#3 Use their spelling when appropriate. If you’re writing a bylined piece for a SME from another country, you’ll need to decide whether to use their spelling or the native spelling of the target audience. Sometimes, the client’s corporate guidelines will cover this, but just as often, it is an overlooked detail. Pieces that aren’t bylined, e.g., white papers, usually call for the spelling of the parent company or target audience. However, if it’s a blog post, I recommend using the native spelling of the author. It gives the piece a more personal feel. Same goes for bylined articles, but that’s more of a grey area that may be dictated by the publication’s guidelines.
#4 Know their style. As marketers, we know stories sell. However, not all SMEs are story tellers. If you’re going to write a bylined piece for a SME who is not a story-teller, it’s often better to stay away from drawn out stories.
#5 Know their background. I have another client that loves analogies. They are a joy to write for as I love them as well. Since I write for multiple executives at this firm, I study their personal backgrounds. LinkedIn can be very helpful for this, but if they haven’t posted any hobbies or interests, just ask. For some, I use sports analogies. Thankfully, I can find just about everything I need to know about a sport on the Internet. For another executive, I use a lot of cooking analogies. This client even lets me leverage my background as a history buff in their analogies.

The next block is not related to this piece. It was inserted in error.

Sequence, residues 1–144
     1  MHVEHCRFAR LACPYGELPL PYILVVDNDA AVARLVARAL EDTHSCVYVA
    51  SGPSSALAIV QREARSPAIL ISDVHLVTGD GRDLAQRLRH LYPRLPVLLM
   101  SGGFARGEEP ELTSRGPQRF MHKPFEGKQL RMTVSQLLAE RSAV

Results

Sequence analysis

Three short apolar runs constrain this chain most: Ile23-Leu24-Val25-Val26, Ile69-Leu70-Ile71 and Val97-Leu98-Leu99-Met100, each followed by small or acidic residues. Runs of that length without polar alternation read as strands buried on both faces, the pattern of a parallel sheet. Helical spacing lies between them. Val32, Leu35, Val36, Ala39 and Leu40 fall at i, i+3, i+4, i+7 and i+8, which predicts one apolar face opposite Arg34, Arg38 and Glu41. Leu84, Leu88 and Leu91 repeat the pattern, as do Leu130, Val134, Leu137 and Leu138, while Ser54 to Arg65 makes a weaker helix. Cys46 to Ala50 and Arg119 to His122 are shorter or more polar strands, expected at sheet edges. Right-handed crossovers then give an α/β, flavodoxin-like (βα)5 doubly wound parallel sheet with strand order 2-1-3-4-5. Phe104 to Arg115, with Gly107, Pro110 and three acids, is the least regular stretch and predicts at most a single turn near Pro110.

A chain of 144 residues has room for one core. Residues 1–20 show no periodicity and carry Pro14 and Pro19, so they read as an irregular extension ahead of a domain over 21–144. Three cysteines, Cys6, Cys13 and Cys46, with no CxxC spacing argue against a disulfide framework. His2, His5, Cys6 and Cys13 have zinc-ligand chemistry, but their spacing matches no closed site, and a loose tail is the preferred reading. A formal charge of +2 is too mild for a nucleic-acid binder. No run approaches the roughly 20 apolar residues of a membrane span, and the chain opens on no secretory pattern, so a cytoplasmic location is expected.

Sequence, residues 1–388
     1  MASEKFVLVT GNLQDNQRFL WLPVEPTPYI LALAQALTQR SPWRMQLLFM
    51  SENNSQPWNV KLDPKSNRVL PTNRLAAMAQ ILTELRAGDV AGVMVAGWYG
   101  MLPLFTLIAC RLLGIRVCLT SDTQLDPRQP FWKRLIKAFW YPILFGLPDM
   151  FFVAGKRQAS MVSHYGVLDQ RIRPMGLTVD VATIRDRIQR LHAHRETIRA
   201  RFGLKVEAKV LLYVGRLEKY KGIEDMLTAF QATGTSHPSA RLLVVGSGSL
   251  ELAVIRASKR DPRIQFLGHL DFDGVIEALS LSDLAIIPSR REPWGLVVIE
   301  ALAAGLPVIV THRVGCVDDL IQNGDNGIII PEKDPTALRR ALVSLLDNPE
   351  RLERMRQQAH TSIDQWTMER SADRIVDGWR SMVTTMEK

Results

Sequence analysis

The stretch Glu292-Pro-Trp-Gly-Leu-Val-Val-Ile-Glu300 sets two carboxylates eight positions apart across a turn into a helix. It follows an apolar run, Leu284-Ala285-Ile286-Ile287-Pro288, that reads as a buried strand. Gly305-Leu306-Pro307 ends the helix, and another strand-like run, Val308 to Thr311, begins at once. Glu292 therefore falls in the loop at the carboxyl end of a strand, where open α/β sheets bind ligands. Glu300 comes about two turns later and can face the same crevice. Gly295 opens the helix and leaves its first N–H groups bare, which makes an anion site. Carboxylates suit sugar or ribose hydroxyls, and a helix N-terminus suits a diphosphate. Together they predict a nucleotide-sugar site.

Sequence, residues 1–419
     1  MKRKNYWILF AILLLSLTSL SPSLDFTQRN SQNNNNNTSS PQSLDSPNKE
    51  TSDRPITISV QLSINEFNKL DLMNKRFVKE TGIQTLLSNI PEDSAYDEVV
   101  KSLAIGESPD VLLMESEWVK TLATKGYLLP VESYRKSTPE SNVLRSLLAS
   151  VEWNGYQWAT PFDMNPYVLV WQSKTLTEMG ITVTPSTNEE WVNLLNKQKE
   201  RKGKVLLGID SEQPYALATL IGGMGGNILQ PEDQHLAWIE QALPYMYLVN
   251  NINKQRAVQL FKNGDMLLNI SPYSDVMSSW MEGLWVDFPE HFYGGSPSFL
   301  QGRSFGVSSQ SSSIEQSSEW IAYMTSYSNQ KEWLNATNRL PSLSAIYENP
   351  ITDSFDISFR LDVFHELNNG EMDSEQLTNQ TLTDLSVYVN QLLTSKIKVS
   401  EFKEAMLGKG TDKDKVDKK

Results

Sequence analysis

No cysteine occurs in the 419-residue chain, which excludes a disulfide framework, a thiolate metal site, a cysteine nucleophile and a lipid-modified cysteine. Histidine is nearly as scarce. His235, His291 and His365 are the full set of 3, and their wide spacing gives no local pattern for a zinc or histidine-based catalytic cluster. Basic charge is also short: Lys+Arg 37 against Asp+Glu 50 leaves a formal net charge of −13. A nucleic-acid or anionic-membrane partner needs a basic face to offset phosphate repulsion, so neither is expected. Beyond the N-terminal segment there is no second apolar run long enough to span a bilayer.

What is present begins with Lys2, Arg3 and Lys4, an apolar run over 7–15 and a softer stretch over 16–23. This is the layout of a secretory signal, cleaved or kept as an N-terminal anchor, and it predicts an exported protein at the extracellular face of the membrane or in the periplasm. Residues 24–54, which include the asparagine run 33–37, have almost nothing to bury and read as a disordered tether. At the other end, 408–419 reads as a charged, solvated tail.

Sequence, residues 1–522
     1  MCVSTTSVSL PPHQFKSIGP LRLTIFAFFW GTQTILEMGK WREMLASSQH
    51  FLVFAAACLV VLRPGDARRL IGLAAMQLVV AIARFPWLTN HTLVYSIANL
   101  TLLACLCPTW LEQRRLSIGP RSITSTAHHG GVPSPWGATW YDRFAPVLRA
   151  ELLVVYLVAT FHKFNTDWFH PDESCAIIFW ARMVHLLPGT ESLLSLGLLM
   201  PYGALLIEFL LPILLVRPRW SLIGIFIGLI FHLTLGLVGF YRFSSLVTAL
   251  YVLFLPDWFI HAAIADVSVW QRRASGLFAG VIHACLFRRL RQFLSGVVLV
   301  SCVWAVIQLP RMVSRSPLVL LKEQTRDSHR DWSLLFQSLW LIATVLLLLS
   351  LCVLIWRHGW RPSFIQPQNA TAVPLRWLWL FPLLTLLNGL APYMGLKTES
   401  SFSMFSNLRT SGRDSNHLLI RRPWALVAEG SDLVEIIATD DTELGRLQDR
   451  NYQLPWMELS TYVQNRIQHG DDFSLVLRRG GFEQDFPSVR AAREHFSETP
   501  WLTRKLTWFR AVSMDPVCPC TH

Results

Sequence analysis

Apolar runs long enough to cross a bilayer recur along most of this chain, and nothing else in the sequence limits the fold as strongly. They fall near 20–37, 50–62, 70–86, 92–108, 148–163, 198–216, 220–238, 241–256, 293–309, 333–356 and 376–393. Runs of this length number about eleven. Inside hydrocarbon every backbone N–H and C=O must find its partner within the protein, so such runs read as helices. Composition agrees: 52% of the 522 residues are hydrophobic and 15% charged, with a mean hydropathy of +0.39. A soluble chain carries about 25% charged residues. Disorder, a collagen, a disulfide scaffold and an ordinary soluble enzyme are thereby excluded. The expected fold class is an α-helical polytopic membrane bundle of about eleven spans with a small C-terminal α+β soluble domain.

#6 Study past efforts. If you’re lucky, your SME will have already written a few articles or blog posts. These can help you understand your SME’s style and what they think is important. They are also a good source of additional topics. I might review something the SME wrote and then send them a “what if we looked at it from this angle?” idea. 

#7 Use their cadence. People speak with a distinct cadence, e.g., fast, haltingly, slow and steady, emphasizing certain words, etc. People write with a distinct cadence as well. For example, I have one SME that loves to use series in his writing. In fact, he often uses two series in a sentence. A, B, and C = D, E, and F. Thankfully, he’s worked with me long enough to trust me to simplify his somewhat complex style.

#8 Remember, it’s not about you. This is perhaps the most important piece of advice I can offer. You need to be confident in your writing; confident enough that you can also let go. Admittedly, this can be difficult as writers can be a bit nerdy when it comes to word usage, grammar, and punctuation. For example, “on-premises*” and “on-premise” mean two entirely different things, but one of my high-tech clients insists on using on-premise when he means on-premises. At the end of the day, if he wants to use on-premise, it’s his call. Most of his audience will never notice, and given how often the words are used interchangeably, it probably won’t be too long before we see a new synonym for on-premises in Merriam-Webster.
*For my fellow punctuation nerds, I know I’m using a hyphen when I shouldn’t, but what fun is life if you don’t break a few punctuation rules every now and then?
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Should You Hire a Marketing Agency or Use Freelance Marketing Specialists?

As you think about outsourcing your marketing, one of the first questions you'll need to answer is...

Should I hire a marketing agency to handle everything for me, or would I be better off hiring freelance writers, web designers, graphic artists, etc.?